MOSCOW: Russia is introducing a temporary ban on imports of a range of poultry meat products from several European Union countries to combat the potential spread of avian influenza – in a move that tightens an earlier food embargo targeting western nations. Rosselkhoznadzor, Russia’s federal service for veterinary and phytosanitary surveillance, said the new ban is in response to reported cases of highly pathogenic avian influenza in 22 EU states. The agency said it is also issuing a temporary ban on imports of hatching eggs from unspecified “regions not entirely within EU countries”.
A Rosselkhoznadzor spokesperson told just-food today (13 February) that the new restrictions “will stop all poultry imports” from the countries concerned – tightening a food embargo imposed by Russia against western nations and extended last year until the end of 2017. The spokesperson said Russia’s original food embargo, announced in response to sanctions imposed on Russia over its role in the 2014 Ukrainian crisis, had not applied “to certain poultry products such as hatching eggs and live poultry and others”. “However, the new restrictions will stop all the poultry imports,” the spokesperson added. According to Rosselkhoznadzor, the new ban will block poultry meat products from Austria, the UK, Hungary, Bulgaria, Greece, Germany, Italy, the Netherlands, Poland, Romania, Slovakia, France, Croatia, the Czech Republic and Sweden.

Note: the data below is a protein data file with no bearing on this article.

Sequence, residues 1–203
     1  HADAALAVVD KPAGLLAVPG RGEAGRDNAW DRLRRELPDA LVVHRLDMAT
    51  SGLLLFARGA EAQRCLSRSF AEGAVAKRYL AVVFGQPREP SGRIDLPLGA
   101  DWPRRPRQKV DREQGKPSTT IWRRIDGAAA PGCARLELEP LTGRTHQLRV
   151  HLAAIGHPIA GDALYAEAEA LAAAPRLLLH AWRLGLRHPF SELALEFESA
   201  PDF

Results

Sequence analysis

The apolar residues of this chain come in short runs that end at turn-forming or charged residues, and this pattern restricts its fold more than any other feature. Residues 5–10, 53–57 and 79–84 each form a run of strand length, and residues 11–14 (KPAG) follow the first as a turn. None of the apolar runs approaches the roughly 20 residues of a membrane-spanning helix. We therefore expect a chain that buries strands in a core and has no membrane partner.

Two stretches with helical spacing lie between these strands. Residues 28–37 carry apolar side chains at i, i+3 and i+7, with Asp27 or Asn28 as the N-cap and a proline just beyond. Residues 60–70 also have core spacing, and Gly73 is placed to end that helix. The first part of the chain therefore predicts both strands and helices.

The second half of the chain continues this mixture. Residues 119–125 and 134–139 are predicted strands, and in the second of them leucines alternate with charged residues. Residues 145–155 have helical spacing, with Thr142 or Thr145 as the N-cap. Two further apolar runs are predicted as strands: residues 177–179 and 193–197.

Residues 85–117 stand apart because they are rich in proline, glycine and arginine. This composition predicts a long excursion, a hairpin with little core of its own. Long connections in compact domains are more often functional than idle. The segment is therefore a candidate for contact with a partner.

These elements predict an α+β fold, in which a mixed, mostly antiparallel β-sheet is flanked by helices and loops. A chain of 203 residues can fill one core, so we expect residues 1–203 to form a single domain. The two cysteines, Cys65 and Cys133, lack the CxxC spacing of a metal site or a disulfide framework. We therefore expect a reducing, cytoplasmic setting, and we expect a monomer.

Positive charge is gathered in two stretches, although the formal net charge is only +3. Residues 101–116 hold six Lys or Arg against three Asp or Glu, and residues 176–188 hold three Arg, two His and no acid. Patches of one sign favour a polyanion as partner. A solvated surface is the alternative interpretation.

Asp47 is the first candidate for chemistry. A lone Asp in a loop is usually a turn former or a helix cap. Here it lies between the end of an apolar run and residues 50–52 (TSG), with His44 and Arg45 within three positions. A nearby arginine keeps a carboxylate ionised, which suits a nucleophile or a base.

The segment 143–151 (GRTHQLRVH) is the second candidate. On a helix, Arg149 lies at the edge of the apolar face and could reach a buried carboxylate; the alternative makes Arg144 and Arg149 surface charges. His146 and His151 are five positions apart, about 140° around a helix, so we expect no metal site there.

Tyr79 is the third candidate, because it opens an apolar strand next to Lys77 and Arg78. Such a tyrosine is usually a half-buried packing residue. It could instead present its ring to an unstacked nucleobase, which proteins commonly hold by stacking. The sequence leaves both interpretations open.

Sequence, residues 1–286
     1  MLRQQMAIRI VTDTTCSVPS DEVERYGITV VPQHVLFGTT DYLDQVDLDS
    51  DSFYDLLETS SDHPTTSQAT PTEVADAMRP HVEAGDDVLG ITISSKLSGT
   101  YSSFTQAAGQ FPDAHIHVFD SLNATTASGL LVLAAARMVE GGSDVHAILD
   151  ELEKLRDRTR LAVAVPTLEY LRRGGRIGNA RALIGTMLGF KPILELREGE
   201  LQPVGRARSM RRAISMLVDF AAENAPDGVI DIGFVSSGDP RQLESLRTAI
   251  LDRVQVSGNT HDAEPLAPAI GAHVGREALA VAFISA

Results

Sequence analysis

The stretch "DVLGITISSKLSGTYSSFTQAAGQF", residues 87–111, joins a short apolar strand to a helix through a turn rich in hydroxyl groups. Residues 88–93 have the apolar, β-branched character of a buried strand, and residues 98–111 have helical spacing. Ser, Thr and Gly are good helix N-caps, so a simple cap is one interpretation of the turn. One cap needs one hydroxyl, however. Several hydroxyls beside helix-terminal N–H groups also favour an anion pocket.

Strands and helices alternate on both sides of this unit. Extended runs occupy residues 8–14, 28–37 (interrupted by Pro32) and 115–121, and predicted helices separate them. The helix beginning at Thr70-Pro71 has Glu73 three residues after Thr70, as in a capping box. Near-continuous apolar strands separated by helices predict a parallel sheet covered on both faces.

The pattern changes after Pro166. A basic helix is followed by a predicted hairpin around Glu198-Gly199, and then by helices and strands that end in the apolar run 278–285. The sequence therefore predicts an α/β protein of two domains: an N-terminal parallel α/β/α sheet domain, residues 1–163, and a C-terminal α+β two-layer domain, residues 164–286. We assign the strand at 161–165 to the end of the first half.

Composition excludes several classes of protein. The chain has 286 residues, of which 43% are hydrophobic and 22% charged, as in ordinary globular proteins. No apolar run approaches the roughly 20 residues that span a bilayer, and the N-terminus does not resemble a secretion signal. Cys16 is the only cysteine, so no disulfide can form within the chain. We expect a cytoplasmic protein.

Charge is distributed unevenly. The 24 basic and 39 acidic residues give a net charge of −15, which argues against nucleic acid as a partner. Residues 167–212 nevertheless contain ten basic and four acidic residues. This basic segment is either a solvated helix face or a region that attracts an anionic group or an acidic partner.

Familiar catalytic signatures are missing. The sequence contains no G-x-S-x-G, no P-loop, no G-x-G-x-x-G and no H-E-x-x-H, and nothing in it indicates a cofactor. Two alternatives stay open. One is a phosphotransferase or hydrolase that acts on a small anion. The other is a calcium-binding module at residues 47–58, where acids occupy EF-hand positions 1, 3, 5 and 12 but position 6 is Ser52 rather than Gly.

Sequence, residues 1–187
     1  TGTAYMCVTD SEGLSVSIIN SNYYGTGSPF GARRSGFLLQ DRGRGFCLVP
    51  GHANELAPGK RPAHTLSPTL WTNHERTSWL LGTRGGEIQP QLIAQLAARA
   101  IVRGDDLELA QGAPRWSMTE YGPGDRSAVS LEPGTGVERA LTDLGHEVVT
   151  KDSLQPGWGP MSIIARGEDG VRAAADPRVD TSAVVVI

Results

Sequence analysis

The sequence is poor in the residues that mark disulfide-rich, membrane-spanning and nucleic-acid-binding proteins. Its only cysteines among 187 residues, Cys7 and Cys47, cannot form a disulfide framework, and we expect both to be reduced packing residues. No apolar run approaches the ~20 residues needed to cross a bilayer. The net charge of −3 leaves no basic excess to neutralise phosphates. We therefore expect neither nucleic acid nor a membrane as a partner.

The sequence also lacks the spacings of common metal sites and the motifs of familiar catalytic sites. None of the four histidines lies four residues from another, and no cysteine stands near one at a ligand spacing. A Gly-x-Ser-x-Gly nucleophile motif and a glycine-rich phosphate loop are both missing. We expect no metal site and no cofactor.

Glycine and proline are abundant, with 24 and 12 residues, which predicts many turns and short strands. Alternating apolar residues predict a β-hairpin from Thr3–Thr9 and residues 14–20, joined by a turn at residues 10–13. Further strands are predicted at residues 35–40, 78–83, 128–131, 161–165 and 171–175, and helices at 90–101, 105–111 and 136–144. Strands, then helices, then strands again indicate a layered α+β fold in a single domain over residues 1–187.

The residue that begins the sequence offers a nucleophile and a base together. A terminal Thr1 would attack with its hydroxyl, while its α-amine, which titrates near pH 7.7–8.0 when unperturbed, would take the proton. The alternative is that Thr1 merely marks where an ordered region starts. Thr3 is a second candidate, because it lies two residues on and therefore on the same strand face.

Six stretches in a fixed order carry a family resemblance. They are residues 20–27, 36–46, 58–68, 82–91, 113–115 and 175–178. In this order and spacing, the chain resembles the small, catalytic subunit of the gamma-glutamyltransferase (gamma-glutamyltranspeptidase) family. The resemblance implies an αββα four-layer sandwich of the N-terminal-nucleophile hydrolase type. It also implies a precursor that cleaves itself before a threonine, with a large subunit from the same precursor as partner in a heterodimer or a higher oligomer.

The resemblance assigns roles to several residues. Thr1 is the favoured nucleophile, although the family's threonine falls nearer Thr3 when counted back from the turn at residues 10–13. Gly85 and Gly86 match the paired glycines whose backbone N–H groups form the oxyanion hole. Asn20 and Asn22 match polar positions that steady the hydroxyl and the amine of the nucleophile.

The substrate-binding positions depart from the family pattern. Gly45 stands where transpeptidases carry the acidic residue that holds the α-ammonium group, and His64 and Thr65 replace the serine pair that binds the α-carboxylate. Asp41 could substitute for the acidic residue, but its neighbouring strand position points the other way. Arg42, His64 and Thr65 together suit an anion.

Russian news agency Tass said on 4 February the ban would come into effect “over the next two weeks”. Meanwhile, Rosselkhoznadzor has warned the import ban could be extended to cover live birds. The agency said it is asking the European Commission to order relevant authorities in EU member states to provide Russia with “more information within a week” about adherence to animal health requirements with regards to shipments of live poultry to the Russian Federation from farms in areas where avian flu has been recorded. Rosselkhoznadzor said it “will be forced to extend” the import ban to live birds to those countries that do not provide the information it is asking for in time. In November, the European Commission urged EU member states to “remain vigilant and enforce bio-security measures”, following outbreaks of bird flu in poultry and wild birds across Europe.